NHS backlog: Yorkshire woman still waiting for surgery feels ‘scared’ for her future

A woman who has been partially deaf after having her treatment delayed due to the Covid-19 pandemic has said she feels “scared” for her future.

Asked only to be known as Erin, shehas been unable to work after developing an ear infection in the summer of 2019.

After six months of her ear bleeding and three courses of failed antibiotics, she was diagnosed with an aggressive Cholesteatoma, which is a skin-lined cyst that begins at the margin of the eardrum and invades the middle ear and mastoid.

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Over two years on, the 29-year-old from West Yorkshire is still waiting for surgery and has lost the hearing in her left ear.

There is a currently a huge backlog for NHS servicesThere is a currently a huge backlog for NHS services
There is a currently a huge backlog for NHS services

The former bar manager had to leave her job after becoming too ill to work and said she now feels as though she’s “lost hope”.

She said: “I haven’t been able to live a normal life. I’ve developed a serious anxiety disorder and haven’t had any help adjusting to being deaf. Another effect of it is that I have vertigo so it means I can be bed-bound for most of the week.

“I haven’t been able to work since I became ill which has been hard for me as I enjoy working and I was good at my job.”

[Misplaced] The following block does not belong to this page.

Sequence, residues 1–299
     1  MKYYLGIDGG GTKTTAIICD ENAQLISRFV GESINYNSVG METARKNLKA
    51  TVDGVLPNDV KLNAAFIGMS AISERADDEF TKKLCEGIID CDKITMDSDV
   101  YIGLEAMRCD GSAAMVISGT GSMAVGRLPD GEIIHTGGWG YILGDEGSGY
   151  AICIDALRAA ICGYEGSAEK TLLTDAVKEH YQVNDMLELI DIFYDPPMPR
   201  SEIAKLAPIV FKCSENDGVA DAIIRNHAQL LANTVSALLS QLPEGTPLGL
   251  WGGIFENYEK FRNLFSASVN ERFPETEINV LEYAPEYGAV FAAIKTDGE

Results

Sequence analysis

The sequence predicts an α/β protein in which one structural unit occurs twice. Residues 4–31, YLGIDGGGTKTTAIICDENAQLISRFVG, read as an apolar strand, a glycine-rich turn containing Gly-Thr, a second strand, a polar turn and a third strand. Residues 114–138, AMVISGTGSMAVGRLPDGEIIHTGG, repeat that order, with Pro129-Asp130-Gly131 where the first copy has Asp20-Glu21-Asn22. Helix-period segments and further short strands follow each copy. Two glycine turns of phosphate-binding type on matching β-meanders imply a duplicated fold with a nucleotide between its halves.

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Throughout the pandemic, some surgeries have been postponed to help ease the pressure on NHS services.

However, this has resulted in a backlog of patients who are still waiting for treatment.

Erin is currently waiting to have a mastoidectomy to remove the bone behind her left ear but said she has “no idea” when her surgery could be.

She said: “I understand that the world is in crisis and that it took priority. But every night scared I’m not going to wake up, I can’t plan for my future.

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“I’ve lost everything I ever gained through years of hard work.”

On Monday, Prime Minister Boris Johnson said the Government is setting “tough targets” for dealing with the NHS backlog in England.

But ministers faced criticism for not releasing the full national recovery plan for dealing with the backlog in hospitals, which many had expected to be published that day.